Echo Lake Productions and Royal Viking Entertainment have picked up Sean Sorensen’s spec We Interrupt This Program, based on the true story of Orson Welles’ famous radio broadcast of The War of the Worlds and the ensuing panic. Disney has picked up Tarell Alvin McCraney’s musical romance script Cyrano the Moor, which will combine elements from Cyrano de Bergerac and Othello. David Oyelowo and Jessica Oyelowo are set to produce. Phoenix Pictures is moving forward with A Country of Strangers, Sean Armstrong’s 2012 Black List script. The story follows the true story of a 40-year investigation into the disappearance of three young children in Australia. Murray Miller’s untitled buddy cop comedy has found a home at Universal. John Cena and Kumail Nanjiani will star, Ruben Fleischer will direct. Finally, Lisa Jones is set adapt Danielle McGuire’s non-fiction book At the Dark End of the Street for Invisible Pictures. Julie Dash to direct.
Other script sales:
- Matt Holloway and Art Marcum have been tapped to write the Men in Black spinoff for Sony.
- Eric Heisserer is set to script the Your Name remake for Bad Robot based on Makoto Shinkai’s 2016 Japanese animated film.
- Scott Bloom’s Roosevelt, a Theodore Roosevelt biopic, has found a home at Paramount. Martin Scorsese to direct, Leonard DiCaprio to star as Teddy himself.
- Sean Anders and John Morris to write Instant Family for Paramount. Anders will direct, Mark Wahlberg will star.
- JJ Abrams and Chris Terrio will write Star Wars: Episode IX. Abrams will also direct.
- Sean Carter to write and direct Suffer the Little Children, based on the Stephen King short story of the same name, for Voltage Pictures.
- Patty Jenkins, Geoff Johns, and Dave Callaham to script Wonder Woman 2 for DC and Warner Bros. Jenkins is also returning to direct.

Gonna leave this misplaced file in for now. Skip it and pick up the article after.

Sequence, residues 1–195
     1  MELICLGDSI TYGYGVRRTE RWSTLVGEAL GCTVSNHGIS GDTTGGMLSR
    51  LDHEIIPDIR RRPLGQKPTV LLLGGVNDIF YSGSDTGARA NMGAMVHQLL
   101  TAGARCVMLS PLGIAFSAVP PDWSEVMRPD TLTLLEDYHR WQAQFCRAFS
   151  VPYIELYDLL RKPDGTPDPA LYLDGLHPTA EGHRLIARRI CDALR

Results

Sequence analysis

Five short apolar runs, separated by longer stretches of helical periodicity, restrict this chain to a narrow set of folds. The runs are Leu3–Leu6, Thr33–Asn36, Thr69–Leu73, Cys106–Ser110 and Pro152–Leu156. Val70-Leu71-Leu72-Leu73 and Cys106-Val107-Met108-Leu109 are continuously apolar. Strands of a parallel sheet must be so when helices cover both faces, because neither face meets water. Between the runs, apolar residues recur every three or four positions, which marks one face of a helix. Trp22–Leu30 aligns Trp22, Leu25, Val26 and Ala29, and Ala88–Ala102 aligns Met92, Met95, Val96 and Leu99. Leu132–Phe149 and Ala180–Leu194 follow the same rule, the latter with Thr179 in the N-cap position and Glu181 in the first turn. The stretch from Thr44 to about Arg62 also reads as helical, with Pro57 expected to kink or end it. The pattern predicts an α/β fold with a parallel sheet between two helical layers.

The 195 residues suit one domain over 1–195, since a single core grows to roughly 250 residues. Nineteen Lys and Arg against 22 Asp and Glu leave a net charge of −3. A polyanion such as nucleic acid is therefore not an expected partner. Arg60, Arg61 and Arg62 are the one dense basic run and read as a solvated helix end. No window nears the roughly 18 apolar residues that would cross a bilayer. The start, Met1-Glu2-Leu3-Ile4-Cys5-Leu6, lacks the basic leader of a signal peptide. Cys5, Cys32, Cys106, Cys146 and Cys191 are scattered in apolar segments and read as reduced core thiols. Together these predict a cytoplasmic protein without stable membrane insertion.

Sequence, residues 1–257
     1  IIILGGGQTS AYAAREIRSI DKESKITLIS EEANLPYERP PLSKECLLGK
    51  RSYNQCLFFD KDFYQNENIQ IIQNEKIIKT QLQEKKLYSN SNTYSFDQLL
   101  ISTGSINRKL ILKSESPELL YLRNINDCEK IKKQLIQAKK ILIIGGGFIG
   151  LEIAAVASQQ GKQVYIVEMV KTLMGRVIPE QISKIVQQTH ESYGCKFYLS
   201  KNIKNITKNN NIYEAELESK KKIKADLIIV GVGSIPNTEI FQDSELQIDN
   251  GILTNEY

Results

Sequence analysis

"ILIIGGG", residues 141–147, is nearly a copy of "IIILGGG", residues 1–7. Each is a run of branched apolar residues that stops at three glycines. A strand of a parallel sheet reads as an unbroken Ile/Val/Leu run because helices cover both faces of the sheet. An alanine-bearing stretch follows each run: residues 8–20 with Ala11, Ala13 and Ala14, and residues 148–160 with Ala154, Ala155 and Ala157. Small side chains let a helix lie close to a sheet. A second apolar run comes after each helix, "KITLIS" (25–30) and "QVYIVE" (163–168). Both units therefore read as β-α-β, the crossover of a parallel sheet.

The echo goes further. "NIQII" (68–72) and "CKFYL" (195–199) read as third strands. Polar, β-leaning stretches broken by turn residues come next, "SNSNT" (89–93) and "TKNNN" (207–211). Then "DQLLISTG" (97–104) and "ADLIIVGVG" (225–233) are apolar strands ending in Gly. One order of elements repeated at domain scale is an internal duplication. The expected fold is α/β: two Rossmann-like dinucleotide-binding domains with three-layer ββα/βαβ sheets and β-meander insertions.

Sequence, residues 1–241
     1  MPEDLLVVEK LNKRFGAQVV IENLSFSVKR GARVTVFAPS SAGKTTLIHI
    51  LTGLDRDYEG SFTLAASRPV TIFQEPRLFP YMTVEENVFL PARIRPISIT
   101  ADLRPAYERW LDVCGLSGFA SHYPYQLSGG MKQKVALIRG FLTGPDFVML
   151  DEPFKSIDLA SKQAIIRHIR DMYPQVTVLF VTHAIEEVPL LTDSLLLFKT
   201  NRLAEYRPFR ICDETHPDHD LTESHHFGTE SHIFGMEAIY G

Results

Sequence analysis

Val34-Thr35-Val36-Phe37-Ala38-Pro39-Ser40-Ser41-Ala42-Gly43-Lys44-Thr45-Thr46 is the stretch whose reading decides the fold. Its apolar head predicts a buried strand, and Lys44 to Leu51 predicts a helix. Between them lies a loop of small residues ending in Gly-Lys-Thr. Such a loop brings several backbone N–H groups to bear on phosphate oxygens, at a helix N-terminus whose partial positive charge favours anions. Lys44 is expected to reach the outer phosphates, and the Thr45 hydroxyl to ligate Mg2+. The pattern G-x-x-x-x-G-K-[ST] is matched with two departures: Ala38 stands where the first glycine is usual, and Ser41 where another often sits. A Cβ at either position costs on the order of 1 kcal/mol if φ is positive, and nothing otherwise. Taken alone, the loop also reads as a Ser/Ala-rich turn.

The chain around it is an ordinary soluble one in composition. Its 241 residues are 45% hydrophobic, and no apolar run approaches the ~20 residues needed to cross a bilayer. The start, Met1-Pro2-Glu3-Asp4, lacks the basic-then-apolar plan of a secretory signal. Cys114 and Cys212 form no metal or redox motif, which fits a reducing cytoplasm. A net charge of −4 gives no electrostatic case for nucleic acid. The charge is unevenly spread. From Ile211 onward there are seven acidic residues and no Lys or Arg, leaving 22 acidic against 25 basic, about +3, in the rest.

The Library – Produced Scripts
At times, it feels as though Hollywood has exploited every moment in history for the sake of a movie. It’s becoming rarer and rarer to find a historical figure who hasn’t had their story portrayed in a film in some way, so nowadays, when a film zeroes in on an interesting event that few know about, it’s typically worth mentioning. However, director Theodore Melfi’s Hidden Figures goes a step further. The movie uses an event many people know about, John Glenn’s orbit around the Earth, as its backdrop but tells it from a perspective few were aware of.
Scripted by Allison Schroeder and Melfi and based on Margot Lee Shetterly’s book of the same name, Hidden Figures follows Katharine Johnson, an African American woman who calculated the trajectories that made Glenn’s mission possible, and her African American coworkers Dorothy Vaughan and Mary Jackson during a time Virginia and NASA were still heavily segregated. Over the course of the movie, they rise in their respective fields and help make history at NASA.
Although it’s easy to see where the story is heading even with limited knowledge of the real Katharine Johnson, the moments Melfi and Schroeder chose to portray perfectly articulate the film’s themes and message. For example, one of Hidden Figures’ running threads follows Katharine as she attempts to use the restroom. Because the Langley Research Center’s bathrooms are still segregated, Katharine has to run to the basement of the only building on campus that houses a “colored” women’s room, located a half mile away, sometimes in the pouring rain, and always in high heels. But this provides a small example of the sort of race and gender discrimination these women faced throughout the movie. At every turn, they are either underestimated, ignored, or treated with hostility outright. However, most of the conflict and antagonism isn’t that explicit; rather, it’s the small reactions and subtle lines of dialogue that underscore the racism and sexism of the era. But because the odds are so heavily stacked against them, it’s hard not to hope they rocket through NASA’s glass ceiling, so to speak.